Whenever I hear this text from Acts about the sight and sound of the Holy Spirit’s outpouring, I think of firing a pottery kiln at night. That’s the best time to fire because the cool air helps the kiln to draw well. With the gas burners on full, it’s like the sound of a propane torch, magnified many times. Flames lick the night air from every orifice, reaching for oxygen, hungry for change. If you look inside, the bright yellow-white light is pulsing and the pots stand almost transparent–shadows in the vibrant light. The stony structure of the clay is being transformed before your very eyes. Like the great fireball that gave birth to the universe. Cosmologist Brian Swimme speaks about "quantum fluctuation" — the phenomenon which happens everywhere in the universe, as elemental particles fluctuate in and out of existence. Pentecost feels that way to me. It feels like cellular change. A spiritual comet comes in on a congregation in the middle of their "First Fruits" celebration. No wonder people were amazed!
Something stunning happened there that day. Frightened fishermen turned into powerful preachers. The egg of incubation cracked wide open and power ran out! Their relationship with Jesus split apart and spilled out on young and old, male and female, slave and free. Everyone! They became "First Fruits" of the Spirit! It was not a reward for being good, or even a result of belief. We don’t actually know who got it and who didn’t. Clearly some onlookers didn’t, because they were there to mock and criticize. But something happened and suddenly people who had been strangers were amazed because the Holy Spirit broke through traditional barriers and made them One. Fire and speech made them so. They became a single body instead of a collection of different nationalities. It was the birth of the church, the living body of the Christ Spirit.
And what does this have to do with us? Sitting here expectantly this morning, holding the children we once were in our hands? What does this story of Pentecost have to do with us?
Last Tuesday night, in the money class, I saw it — and heard it — and felt it. Not roaring like a kiln burning at night, but more like a match flare, bright and small. The week before, we had done an exercise, gathered data about our net monthly income, total assets and giving rate.
We discovered that most of the 15 people in the class have a similar net income…about $2,000/month. On the surface, we were a very homogeneous group of middle-class Americans.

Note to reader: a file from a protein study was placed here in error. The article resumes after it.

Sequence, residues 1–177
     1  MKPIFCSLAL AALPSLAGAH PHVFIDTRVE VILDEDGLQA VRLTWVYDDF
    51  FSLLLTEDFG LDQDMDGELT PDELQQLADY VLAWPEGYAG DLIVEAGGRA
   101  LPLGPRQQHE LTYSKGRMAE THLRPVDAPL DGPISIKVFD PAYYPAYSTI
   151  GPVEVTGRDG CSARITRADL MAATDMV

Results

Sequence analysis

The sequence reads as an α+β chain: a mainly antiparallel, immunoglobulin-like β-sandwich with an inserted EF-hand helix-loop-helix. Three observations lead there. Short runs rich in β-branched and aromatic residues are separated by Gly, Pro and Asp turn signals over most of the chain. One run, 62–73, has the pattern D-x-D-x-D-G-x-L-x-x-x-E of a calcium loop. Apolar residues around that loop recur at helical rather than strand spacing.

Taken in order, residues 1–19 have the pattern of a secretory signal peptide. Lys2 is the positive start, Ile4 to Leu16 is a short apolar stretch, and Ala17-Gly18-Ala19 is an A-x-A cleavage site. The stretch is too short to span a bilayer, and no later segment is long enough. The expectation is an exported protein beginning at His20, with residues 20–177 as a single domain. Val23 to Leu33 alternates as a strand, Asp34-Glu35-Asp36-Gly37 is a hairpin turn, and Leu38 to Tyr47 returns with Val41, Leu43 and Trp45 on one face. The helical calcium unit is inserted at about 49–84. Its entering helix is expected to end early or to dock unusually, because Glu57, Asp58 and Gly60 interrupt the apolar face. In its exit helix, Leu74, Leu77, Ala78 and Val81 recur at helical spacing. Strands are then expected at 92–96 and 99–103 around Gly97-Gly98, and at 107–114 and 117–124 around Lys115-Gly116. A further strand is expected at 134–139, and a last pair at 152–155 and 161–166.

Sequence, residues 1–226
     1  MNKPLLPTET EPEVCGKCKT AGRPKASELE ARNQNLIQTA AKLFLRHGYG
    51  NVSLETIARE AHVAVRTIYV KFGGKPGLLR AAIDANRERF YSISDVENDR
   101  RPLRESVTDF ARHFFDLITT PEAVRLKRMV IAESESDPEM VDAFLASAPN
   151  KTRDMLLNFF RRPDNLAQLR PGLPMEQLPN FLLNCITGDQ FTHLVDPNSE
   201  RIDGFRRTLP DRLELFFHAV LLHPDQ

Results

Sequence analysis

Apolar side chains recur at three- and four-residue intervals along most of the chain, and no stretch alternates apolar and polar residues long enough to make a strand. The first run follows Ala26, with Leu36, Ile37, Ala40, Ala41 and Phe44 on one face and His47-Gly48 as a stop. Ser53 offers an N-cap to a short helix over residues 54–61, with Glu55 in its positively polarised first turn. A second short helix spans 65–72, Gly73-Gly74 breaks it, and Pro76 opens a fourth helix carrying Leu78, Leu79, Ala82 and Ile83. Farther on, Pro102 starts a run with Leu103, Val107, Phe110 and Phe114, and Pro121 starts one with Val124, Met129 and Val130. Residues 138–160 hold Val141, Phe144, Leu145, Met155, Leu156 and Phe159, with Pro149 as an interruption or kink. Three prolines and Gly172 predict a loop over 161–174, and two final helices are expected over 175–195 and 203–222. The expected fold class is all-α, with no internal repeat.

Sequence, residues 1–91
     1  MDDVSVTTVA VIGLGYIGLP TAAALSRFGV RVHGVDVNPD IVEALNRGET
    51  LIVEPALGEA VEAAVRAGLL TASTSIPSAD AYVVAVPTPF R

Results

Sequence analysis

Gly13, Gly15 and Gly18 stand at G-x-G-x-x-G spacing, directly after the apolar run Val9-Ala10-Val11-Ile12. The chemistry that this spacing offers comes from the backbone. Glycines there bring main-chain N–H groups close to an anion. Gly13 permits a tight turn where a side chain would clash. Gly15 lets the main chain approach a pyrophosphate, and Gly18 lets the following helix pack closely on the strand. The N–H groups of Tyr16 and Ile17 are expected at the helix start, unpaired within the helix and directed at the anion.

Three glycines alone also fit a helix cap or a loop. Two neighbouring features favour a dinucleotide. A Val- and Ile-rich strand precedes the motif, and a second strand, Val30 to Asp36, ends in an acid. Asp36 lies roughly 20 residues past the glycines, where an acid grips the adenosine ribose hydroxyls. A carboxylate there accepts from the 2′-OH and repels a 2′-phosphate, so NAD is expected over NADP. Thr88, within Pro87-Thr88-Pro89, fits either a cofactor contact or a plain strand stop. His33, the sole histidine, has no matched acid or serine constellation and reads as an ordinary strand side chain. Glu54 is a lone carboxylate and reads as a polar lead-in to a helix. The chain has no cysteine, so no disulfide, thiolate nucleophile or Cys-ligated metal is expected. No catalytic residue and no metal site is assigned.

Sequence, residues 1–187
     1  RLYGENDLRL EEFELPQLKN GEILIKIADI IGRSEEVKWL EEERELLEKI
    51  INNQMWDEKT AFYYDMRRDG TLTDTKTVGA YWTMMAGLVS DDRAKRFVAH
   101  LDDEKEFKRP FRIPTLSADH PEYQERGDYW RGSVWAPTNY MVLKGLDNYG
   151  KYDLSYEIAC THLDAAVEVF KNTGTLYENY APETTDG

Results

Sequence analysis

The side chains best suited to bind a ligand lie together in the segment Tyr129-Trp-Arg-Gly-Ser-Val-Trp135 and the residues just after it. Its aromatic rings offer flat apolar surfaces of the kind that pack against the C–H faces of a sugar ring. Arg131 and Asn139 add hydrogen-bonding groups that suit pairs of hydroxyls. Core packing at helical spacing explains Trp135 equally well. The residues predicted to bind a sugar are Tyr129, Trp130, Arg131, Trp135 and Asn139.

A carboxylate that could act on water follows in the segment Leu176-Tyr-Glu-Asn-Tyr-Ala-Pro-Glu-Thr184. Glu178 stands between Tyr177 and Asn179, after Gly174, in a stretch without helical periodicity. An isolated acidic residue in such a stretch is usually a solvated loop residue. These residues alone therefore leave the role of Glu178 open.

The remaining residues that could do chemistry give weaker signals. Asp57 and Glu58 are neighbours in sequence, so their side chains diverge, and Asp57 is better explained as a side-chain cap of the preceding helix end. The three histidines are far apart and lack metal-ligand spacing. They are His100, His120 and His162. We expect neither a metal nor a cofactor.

But when we listed our assets, money in the bank or somewhere else, and house equity and so forth, we discovered a wide variety, from $1.5 million to minus $30,000, like grain in the barn. Some of us had a lot and some of us had none. Worse, some of us were carrying debts that seem staggering, given the salary level and living costs today. We also looked at our giving patterns and discovered, to nobody’s surprise, that giving was related to those assets and not to our current income. Giving ranged from 20% of monthly income to less than 1% for people who didn’t have a "nest egg" to fall back on if they lost their jobs.
In smaller groups, we told stories of asking for help and I began to feel the Spirit move among us as people shared the truth about themselves in relationship to money. We spoke about how hard it is for us to share our "first fruits" if we’re not sure about the size of the harvest, especially when we have children to educate in special ways or healthcare to plan for. We talked about forbidden things — like how much easier it is for us to gather $3,000 to help Joyce Freeman meet her tax bill than it would be to do the same for Carolyn or Hollis or even the Dyers.
We talked about how hard it is to ask for help, not for somebody else (we’re pretty good at that) but for ourselves. We expect each other to be independent, assertive, self-sustaining. And caring. We depend on that but don’t want to draw on it too much, for fear we’ll become a bother, an outsider.
But then our talk turned to the Growing Edge Fund and something began to happen. I saw the flame flare up when Lewise told the story of how, after years at home caring for a child with lots of health problems, she thought about going back to work with her Ph.D. in Psychology. How she asked for $300 to "bone up" for the licensing exam. And what it meant to receive that vote of confidence from the Growing Edge Fund.